Last week the Japanese foreign ministry tentatively suggested that language proficiency be connected to long-term visas. Now, the first (and natural) reaction would be that "oh, another ploy to keep as many foreigners out of the country as possible", but this really does not seem to be the case. Instead, is seems the purpose is the opposite, making it easier than before to gain a long-term visa as a way to promote language fluency, and to have more long-term immigrants be proficient in the language.
The announcement was very careful about emphasizing that it would not make it more difficult to gain visas for non-speakers than it already is today; instead the purpose is to make it easier for those who do gain Japanese proficiency to stay. The article in Japan Today gives as an example lessening the required work experience for engineers if they have attained a certain level of language fluency. Other sources have implied that the term length of visas to be granted could be affected as well; several kinds of visas (like spouse of a Japanese national) actually come in several terms - like six months, a year and three years - before they need to be renewed, and one suggestion is apparently to give proficient speakers the longer-term visas earlier.
This is actually a very good idea, and one that I suspect they can get very broad support for. It hits all the right buttons for a lot of people: liberals will like the prospect of making it easier for committed people to stay; the right-wing nationalists will love the idea of making the Japanese language a requirement for anything; business interests will like the broadening pool of skilled employees being made available. And for us foreigners - yes, it's a good thing for us too. Remember, the idea is not to make it more difficult than it already is if you don't know Japanese (and to be fair, Japan is really not that difficult, visa-wise, compared to a lot of countries), but you get a real, substantial benefit if you do choose to spend all that time studying.
All statements are very vague, but the general consensus seems to be (and I agree) that this really is a preparative step in accepting more long-term immigration in response to the shrinking workforce. And - coming from a country with a large number of immigrants - since many of the problems associated with immigration stem in part from a lack of language ability, making this a condition is only prudent. It's not like Japan would be particularly exceptional if this was enacted either; Canada, for instance, gives you a bonus both for knowing English and French if you want to move there.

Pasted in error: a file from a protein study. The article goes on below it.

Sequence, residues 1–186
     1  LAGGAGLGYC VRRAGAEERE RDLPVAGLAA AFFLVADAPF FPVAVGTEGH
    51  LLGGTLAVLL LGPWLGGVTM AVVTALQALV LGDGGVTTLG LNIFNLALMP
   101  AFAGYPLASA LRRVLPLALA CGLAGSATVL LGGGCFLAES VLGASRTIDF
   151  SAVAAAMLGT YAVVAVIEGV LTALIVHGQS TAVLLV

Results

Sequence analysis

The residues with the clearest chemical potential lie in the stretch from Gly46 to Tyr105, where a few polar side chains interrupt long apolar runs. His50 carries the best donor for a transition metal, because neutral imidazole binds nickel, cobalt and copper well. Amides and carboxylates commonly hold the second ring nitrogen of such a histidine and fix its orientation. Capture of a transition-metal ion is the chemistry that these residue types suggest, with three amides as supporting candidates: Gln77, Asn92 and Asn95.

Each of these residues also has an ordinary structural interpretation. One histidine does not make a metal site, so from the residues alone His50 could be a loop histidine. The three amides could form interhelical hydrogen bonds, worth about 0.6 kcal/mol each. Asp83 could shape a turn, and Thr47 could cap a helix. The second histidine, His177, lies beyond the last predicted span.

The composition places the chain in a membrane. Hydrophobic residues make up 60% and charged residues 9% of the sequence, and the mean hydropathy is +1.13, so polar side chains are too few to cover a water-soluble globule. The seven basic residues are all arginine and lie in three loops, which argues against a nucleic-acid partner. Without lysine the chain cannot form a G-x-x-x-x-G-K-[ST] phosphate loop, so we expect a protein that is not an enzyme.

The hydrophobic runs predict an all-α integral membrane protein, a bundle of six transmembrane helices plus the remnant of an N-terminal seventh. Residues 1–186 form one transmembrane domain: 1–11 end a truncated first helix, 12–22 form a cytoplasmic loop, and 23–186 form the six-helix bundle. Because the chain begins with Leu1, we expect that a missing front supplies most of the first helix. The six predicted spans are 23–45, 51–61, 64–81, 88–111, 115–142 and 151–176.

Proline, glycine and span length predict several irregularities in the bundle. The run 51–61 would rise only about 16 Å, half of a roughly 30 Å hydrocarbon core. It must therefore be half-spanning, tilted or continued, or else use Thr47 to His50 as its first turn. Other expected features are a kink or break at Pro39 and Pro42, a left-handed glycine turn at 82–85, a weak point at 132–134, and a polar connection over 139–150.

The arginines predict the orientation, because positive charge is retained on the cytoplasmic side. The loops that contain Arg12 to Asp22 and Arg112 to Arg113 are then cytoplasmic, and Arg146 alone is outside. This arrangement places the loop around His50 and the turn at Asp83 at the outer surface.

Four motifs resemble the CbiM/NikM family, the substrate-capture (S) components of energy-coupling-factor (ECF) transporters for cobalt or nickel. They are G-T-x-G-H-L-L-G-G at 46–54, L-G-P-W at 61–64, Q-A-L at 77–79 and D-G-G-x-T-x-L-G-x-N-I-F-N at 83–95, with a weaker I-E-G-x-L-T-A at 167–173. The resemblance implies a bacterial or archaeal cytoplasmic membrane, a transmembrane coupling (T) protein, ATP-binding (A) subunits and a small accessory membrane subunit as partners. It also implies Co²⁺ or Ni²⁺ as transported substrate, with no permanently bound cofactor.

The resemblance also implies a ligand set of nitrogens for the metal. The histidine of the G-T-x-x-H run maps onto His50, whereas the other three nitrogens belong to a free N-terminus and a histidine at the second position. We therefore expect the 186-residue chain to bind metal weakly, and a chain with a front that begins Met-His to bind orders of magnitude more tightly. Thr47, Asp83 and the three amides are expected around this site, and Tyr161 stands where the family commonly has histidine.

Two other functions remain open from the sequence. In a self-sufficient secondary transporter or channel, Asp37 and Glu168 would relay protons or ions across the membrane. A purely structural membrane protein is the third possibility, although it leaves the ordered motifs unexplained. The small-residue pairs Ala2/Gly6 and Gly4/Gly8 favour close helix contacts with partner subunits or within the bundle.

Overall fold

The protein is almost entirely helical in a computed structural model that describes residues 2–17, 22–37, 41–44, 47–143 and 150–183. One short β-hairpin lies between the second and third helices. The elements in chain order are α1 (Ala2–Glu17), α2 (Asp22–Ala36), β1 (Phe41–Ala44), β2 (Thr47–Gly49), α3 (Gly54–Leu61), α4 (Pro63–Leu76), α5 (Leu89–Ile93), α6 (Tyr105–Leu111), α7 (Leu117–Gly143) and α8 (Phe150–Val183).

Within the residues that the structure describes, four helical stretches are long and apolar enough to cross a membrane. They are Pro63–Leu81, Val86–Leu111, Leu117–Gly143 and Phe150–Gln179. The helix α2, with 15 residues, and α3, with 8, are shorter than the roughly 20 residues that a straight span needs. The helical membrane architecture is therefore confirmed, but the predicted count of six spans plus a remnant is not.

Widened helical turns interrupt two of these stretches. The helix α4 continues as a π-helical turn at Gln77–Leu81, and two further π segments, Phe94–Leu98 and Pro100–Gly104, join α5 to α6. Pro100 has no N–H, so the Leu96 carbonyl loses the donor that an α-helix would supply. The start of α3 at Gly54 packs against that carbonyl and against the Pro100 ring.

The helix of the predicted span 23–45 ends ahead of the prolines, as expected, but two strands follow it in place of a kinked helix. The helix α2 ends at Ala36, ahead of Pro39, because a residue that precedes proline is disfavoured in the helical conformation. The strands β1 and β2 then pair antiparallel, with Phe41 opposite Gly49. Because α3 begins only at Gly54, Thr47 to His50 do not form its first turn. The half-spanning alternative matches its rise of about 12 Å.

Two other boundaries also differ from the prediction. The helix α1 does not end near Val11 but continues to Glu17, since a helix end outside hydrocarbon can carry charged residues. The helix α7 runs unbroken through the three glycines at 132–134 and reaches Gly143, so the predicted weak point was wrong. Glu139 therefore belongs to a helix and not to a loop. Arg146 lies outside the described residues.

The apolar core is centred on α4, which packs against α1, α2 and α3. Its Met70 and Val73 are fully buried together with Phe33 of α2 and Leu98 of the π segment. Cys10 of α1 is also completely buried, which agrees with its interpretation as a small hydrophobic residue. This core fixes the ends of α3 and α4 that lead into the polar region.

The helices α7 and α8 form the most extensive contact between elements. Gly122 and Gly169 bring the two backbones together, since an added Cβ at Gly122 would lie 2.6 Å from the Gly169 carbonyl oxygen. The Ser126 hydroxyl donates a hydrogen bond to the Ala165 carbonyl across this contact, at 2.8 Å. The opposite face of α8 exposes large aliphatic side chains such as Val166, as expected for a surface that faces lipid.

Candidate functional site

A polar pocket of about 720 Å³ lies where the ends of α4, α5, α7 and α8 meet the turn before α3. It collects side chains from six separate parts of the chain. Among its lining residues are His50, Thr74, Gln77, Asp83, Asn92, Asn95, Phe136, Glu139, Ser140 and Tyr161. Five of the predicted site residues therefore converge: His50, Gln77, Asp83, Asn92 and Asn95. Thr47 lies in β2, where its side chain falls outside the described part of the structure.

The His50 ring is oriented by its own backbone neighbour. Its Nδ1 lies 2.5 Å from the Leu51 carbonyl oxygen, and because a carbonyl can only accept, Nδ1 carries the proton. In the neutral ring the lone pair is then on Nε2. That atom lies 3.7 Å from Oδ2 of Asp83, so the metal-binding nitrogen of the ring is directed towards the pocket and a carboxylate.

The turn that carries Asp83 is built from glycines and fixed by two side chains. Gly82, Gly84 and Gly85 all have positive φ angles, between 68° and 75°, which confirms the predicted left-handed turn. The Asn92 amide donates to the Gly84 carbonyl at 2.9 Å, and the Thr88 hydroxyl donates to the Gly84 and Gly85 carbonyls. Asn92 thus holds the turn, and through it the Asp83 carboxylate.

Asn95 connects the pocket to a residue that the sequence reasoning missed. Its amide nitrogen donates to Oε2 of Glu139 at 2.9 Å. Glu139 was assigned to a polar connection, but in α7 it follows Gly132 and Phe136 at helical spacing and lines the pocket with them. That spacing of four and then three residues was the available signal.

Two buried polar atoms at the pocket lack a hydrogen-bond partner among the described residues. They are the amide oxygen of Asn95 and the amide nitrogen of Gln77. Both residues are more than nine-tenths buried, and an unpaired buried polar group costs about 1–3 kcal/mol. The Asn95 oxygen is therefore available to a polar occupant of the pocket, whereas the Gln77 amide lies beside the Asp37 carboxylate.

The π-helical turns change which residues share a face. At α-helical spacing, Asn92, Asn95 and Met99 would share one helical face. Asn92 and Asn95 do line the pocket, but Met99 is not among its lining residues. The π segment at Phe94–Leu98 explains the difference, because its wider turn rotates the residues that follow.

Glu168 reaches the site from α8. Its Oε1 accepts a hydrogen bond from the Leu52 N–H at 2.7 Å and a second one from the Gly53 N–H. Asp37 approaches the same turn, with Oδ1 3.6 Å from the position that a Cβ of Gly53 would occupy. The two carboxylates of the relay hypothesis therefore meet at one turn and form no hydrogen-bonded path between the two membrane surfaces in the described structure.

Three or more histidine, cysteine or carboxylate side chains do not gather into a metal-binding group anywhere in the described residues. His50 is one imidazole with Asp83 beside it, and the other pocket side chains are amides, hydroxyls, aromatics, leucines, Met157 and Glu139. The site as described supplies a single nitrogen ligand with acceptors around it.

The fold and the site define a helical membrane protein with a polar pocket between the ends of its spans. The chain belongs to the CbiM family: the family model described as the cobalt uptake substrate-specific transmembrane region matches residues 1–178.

And really - people who are indifferent or negative towards a country do not spend years studying its language. The kind of people that willingly go through with something like that are enthusiastic, even passionate, about it, and should be exactly the kind of people you'd want to encourage to come.
I think this plan may actually be further along than the articles say and than people think. The article in Japan Today above specifically mentions the JLPT as the test to use for measuring proficiency, and there's what seems to be quite solid rumours that the JLPT is being redesigned right now, with a new, intermediate level between level 2 and the top level 1. A long-standing criticism of the test has been that the jump from 2 to 1 is very large, and that level 1 tests a lot of things that aren't very useful in daily life. The redesign is rumoured to add an intermediate level, while possibly push the current level 1 a bit further still. Another rumour - less reliable - hints at the test will be given twice a year rather than just once. The new test is apparently due to be tried out this summer and deployed for real in 2009.
As it happens, an intermediate level above level 2 would be perfect as a "proficient" level for work-related purposes. Level 2 itself is still a little on the low side, while the current level 1 is overkill in several ways. Having a "pre-1" that focuses on proficiency in practical use and making level 1 a real nerdcore test of obscure language points would both make for a better test and fit nicely with these visa plans. And, of course, making the JLPT count for visa determinations means you need to give the test reasonably often so that people don't get left hanging. The rumours of giving it twice a year thus fit in nicely as well.
If the new test is now designed to be rolled out in spring 2009, then that would give textbook authors time to create new study materials and give the test administration a year - a spring session and a winter session - to iron out any problems if the new immigration law is adopted in the spring Diet session a year from now and implemented from April 1st 2010. Time will tell, but I hope it'll happen.